Your post today does present a basic structure to keep in mind, and I think I have a tendency to veer off into introspection in the middle of the action. So, note to self: follow the rule of scene, then sequel, in this first draft. Don't break the rules until the revision, if at all.

Thanks for your excellent clarification on this topic, Jana.

Yunaleska said...

Quick reply because haven't got much time right now, but this is an awesome post, its makes sense and I'm taking notes :) Thank you!

Danielle Thorne said...

I've actually come across some of his instruction before--after my first manuscript, and it was great advice. I actually color code each of my scenes (one per index card) as to whether they are "scenes" (action) or a sequel. This helps me to literally see the speed of the story in color--and I even used the method to graph a whole story, rating action scenes from 1 to 3 so I could get a good look at the momentum. Too anal? I am, myself, a work in progress. haha.

GREAT blog topic!


Hayley E. Lavik said...

This is very timely for me as well, as I just finished writing a fairly action-packed scene last night. I try to really keep that sort of rapid punch in mind when I write, and often go back to chop sentences in half if I suddenly feel like the tension is gone. I've also found that borrowing a page from oral tradition adds some extra punch to fast-paced scenes.

What I mean is, crisp, rhythmic lines and alliteration. No one does battle like Beowulf, and those hammered half-lines can really quicken the pace... or likewise slow it down if you choose smoother sounds like s's.

I'm also glad to see your comment about not going into the character's head in fast-paced sequences. I was noticing last night how little emotional side I was getting, and thought of going back to put some in, but it would have ruined the pacing.

I think the sequels are where I'm a little iffy sometimes... not that I have a problem writing them. I always feel that I shouldn't be lingering to long in the intellectual processes without some action going on, and yet I want to and could probably go on for pages if no one told me to stop. Balance is the key, I suppose, but I do admit I hate the impression some seem to have of action being greater than emotion/intellect. Sounds like the literary equivalent of 'more explosions' ;)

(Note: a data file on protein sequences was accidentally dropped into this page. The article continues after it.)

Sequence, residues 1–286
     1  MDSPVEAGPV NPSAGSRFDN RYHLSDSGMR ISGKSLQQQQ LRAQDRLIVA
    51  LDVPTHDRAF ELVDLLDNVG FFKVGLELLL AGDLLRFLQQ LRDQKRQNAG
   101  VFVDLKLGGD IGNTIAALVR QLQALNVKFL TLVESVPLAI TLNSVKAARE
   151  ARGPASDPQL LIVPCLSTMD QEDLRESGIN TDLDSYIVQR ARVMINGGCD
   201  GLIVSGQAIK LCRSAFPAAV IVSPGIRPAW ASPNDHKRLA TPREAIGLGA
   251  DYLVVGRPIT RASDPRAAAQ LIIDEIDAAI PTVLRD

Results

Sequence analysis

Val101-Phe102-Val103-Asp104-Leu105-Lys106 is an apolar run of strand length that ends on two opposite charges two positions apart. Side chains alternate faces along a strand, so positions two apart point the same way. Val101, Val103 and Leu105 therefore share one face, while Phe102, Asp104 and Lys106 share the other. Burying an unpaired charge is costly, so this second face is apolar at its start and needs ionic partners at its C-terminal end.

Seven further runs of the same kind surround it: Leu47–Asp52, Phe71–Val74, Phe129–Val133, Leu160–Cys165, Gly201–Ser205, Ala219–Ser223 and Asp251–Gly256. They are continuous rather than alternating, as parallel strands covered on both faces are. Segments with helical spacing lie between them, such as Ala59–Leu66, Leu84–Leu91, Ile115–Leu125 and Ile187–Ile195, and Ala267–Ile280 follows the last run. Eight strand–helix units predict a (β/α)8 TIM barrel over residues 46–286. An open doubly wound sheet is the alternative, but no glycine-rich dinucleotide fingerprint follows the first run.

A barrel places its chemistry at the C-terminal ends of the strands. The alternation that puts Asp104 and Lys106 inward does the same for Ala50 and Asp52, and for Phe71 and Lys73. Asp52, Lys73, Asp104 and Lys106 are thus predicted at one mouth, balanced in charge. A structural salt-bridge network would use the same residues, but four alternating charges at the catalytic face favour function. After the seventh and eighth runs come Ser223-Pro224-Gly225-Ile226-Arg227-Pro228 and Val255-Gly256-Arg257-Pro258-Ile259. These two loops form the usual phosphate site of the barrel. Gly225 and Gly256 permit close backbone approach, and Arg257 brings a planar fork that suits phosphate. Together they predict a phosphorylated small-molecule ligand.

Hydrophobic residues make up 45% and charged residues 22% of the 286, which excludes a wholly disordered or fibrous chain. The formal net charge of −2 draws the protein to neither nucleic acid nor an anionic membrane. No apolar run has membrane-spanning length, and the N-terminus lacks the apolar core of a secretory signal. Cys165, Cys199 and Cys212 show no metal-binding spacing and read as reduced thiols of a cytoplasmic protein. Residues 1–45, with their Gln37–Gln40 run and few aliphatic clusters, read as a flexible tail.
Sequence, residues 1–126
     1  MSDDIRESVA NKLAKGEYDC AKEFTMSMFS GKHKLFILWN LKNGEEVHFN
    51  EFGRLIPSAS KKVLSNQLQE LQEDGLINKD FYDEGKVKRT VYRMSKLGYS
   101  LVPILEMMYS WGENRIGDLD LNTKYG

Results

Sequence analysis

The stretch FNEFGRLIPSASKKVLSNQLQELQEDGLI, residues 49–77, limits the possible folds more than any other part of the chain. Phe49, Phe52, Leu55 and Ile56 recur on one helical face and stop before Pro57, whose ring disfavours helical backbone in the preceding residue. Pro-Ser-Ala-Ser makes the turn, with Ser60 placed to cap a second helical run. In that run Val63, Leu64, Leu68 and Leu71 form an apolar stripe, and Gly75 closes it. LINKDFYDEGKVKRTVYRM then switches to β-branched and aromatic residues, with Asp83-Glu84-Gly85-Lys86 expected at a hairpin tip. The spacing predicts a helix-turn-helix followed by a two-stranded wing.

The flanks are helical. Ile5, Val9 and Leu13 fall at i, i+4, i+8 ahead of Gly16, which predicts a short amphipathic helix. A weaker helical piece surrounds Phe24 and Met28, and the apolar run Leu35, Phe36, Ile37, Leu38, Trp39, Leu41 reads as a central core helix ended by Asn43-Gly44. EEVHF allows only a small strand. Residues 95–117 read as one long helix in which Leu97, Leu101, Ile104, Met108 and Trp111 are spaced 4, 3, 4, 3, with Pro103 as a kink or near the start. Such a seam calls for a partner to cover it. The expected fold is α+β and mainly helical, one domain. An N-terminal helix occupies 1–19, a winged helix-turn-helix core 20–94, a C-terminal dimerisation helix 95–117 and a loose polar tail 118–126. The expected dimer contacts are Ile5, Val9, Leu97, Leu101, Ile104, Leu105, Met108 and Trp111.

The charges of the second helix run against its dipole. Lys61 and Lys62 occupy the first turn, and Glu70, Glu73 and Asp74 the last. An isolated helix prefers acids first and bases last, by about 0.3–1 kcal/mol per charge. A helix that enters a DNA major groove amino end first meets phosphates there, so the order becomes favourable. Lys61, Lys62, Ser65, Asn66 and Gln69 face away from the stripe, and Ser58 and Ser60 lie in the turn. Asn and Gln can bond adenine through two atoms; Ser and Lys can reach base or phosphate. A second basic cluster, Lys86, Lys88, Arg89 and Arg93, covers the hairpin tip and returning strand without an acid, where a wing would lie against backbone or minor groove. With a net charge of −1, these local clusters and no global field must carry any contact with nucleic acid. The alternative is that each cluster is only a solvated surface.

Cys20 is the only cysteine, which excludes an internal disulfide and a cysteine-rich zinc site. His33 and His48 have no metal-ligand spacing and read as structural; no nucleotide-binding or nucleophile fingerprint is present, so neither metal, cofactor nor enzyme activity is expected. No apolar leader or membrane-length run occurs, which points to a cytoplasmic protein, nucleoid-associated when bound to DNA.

Jana Richards said...

Hi Helena,
I find it really tempting to tell what the character is deeply thinking even in a scene of action. Sort of like I'm often tempted to stick in a whole bunch of backstory at the beginning of my story. But if there's one thing I've learned, it is to try really hard to resist temptation.

Pacing is a fine balance. Not too fast and not too slow. Fortunately it is something that can be fixed in revisions. But it's a good thing to keep in mind for your first draft as well.


Jana Richards said...

Hi Yunaleska,
I'm glad you were able to drop by. I could only do a brief outline in this post on pacing; Jack Bickham wrote a whole book. I seriously recommend "Scene and Structure" for anyone interested in pacing, and the structure of a novel in general.


Jana Richards said...

Hi Danielle,
Nice to see you here! Thanks for joining us.

Are you a little anal? Hmmm...let me think about that. Maybe just a little. But from I know about you, you strike me as a person who gets things done, and gets them done well, so I'd say anal is working for you!

I'm looking forward to your guest blog on May 16.


Jana Richards said...

Hi Hayley,
I think sequels are equally as important as the scenes. Like you say, you have to have balance. You probably shouldn't go on and and on for pages with introspection or it will seriously damage your pacing. But it is important to know your characters, and what they are thinking and feeling. Sequels are the place to slip in backstory, and the only place where flashbacks should appear. In "Scene and Structure" Bickham includes several examples. He gives one particularly spectacular example of sequel from one of his one works of fiction called "Tiebreaker" which is a spy story. This example stuck with me because Bickham basically gives his character's whole backstory in a fairly short sequel. He does a lot of it with flashbacks, two or three or them, but it is so well done it doesn't feel like he is simply feeding us information. I also remember this sequel so well because the character Partek is on the run, and the sequel opens in front of his motel in Swift Current, Saskatchewan! Partek says the landscape reminds him of his native Yugoslavia and this is what triggers his memories.

Happy writing,

Janet C. said...

Great post, Jana. This in one of those gems you come across in blogland that you copy/paste the address into a word document specifically for _______.

And, wow, to Danielle. That's organized - might have to try that just to see what the manuscript looks like.

Thanks, Jana.

Jana Richards said...

Hi Janet,
Thanks for the kind words. I'm glad if this post is helpful to you and others.

Danielle is one of those people who gets things done. She is a fellow Awe Struck author and recently started up a Twitter account for us. She also organized a virtual book tour for herself to promote her latest release "The Privateer". From the little I know about virtual tours they take good organizational skills and plenty of energy.